Airline Directors and Managers Liability in Panama
The object of this article is to determine the level of liability that the directors and managers of airline companies in Panama could be subject to in connection with the nature of their position within the airline.
In order to determine the level of liability of directors and manages of this special type of company, we must begin analyzing the level of liability of those of common companies. The general rule according to Panamanian law is that the directors of a company are not liable for the debts of the company. However, directors may be liable before the shareholders as a group for the following reasons:
- Of the effectiveness of the payments executed by the shareholders;
- Of the real existence agreed dividends;
- Of the good management of the accounting of the company;
- Of the general execution or bad performance of the mandate or the violation of the law, articles of incorporation, statutes or agreements of the company´s general assembly of shareholders.
We deem important to analyze the law that regulates companies in Panama, which establishes that if declared or paid any dividend or distribution of assets that reduces the value of the company´s goods to less than the amount of its liabilities, including in it the capital stock or if it’s the capital stock is reduced, or if its rendered an false statement or a false report at some substantial point, the directors who have consented to such acts, with knowledge that this affects the shared capital, or that the statement or report is false, will be jointly and severally liable to the creditors of the company for the damages caused.
In the same way, we can foresee the responsibility held by the directors of companies on some scenarios in which a company is terminated by expiration of the period of its duration, or by dissolution. In these cases, the directors will act as trustees of the company to conduct the company liquidation process and as trustees the directors shall be jointly and severally liable for the debts of the company, but only up to the amount of the assets and funds whose holding and management they have acquired.
Having determined the basic levels of liability of company directors, under the Panamanian commercial law for common companies, we should now determine the degree of criminal liability to which the directors are subject to.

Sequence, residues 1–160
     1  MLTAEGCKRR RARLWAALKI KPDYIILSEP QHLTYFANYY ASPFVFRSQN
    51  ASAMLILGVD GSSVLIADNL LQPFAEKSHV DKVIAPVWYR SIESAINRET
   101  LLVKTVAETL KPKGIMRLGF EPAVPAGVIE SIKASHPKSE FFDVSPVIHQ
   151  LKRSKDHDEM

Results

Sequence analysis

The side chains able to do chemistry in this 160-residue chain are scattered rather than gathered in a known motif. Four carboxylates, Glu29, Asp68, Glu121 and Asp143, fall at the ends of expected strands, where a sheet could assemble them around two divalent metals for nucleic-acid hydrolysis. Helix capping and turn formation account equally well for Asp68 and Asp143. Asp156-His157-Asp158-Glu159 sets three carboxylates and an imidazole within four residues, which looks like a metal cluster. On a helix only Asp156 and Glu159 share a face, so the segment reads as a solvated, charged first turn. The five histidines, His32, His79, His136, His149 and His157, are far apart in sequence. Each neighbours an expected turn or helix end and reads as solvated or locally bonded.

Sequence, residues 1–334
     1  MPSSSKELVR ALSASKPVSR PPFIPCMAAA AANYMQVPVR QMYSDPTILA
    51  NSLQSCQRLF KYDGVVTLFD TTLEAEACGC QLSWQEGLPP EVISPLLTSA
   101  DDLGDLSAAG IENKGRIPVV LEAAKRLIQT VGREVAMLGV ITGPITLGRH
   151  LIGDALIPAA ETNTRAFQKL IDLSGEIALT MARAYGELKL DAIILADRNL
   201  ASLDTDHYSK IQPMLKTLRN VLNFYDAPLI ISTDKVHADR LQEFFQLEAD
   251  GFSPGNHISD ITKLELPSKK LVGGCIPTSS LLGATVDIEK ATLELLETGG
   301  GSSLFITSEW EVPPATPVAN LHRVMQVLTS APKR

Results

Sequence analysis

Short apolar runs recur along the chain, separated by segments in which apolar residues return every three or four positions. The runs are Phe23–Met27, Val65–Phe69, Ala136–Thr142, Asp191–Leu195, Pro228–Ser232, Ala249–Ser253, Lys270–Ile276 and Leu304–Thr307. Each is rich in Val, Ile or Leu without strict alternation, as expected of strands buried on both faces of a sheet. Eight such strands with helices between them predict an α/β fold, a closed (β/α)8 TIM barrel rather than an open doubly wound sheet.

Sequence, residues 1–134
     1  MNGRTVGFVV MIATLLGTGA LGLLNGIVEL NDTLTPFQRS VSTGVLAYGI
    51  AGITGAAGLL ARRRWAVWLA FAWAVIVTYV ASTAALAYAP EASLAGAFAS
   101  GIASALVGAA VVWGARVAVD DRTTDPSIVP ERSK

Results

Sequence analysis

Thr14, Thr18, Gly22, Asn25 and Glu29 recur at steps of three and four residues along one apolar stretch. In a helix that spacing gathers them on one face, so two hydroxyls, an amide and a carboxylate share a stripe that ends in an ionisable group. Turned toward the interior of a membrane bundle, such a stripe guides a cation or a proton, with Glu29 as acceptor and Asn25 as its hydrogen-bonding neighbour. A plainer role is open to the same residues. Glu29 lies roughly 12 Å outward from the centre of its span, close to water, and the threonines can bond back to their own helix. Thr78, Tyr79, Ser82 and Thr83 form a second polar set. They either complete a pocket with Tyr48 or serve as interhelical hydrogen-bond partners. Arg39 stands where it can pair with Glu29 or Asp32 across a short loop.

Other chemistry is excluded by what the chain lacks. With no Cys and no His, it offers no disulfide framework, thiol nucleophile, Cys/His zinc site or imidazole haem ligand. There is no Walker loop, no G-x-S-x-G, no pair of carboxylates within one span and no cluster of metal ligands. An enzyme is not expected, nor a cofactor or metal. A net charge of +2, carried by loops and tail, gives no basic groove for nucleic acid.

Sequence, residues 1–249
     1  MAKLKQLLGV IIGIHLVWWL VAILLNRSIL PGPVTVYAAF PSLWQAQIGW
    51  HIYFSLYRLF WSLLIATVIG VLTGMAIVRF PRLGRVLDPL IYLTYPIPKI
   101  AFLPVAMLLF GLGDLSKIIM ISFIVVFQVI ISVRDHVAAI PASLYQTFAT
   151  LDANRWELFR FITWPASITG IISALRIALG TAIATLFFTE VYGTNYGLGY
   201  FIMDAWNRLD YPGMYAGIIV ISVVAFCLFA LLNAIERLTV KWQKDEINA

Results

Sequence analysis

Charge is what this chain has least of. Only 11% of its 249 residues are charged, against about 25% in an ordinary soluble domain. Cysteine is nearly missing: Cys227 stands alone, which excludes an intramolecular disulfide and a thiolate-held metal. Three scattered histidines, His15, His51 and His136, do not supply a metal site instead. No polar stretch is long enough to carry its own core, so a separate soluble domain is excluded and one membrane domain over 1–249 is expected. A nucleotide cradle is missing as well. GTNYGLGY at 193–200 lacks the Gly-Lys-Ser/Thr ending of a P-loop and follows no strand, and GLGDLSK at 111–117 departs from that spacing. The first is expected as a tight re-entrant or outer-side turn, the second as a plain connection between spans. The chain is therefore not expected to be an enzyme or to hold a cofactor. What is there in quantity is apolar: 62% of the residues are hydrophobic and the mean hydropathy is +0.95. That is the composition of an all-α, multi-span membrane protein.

In order to carry out this task, we must start from the principle of legality, in which it is determined that there will be no criminal penalty of any conduct without its prior legislation within the Panamanian Criminal Law, which means that for directors to be responsible, criminally for their actions as directors or offficers of a company, there must be a law that penalizes the conduct described.
Therefore, we must refer ourselves to the Criminal Code the Republic of Panama, which only contemplates a few scenarios in which a director of a corporation, in exercise of his condition of director, may be held criminally liable. Which specifically refer to the illegal withholding of social security payments; crimes related to banking entities, financial companies or others who capture or deals with public financial resources; falsification of financial or accounting records, within which only the last one contemplates the figure of manager or executive.
After clarifying the exposure of liability that the Law of Commerce and the Criminal Law of Panama contemplate for the directors of companies, we must now analyze the aeronautical legislation in order to determine the existence of any special exposure that the directors of this type of companies may have due to their condition as directors of companies who exploit commercial airline services.
After carrying out the review of the legislation that regulates this matter in Panama, we have not found a legal provision that assigns additional or special level of liability to the directors, managers or executives of this type of company due to the condition of their position on airline companies. Therefore, we conclude that their liability is limited only to the scenarios properly established in the Commercial Law and the Criminal Law, previously explained.
Nonetheless we deem important to highlight the fact that although there are no particular civil aviation legal provisions, the scenarios of commercial or criminal exposure are explicit, although we believe that it is indeed possible for a Panamanian Judge to find an airline company director, executive or manager, within criminal cases, under certain special conditions which prove that the conduct of directors, managers or executives, directly violates other provisions of the Criminal Code. However, these are not directly related to their condition of director, manager or executive of a company who renders commercial airline services. We believe that they cannot be held criminally liable for situations indirectly connected to them in the performance of the management of the services provided by the airline.
Juan Raul Sevillano
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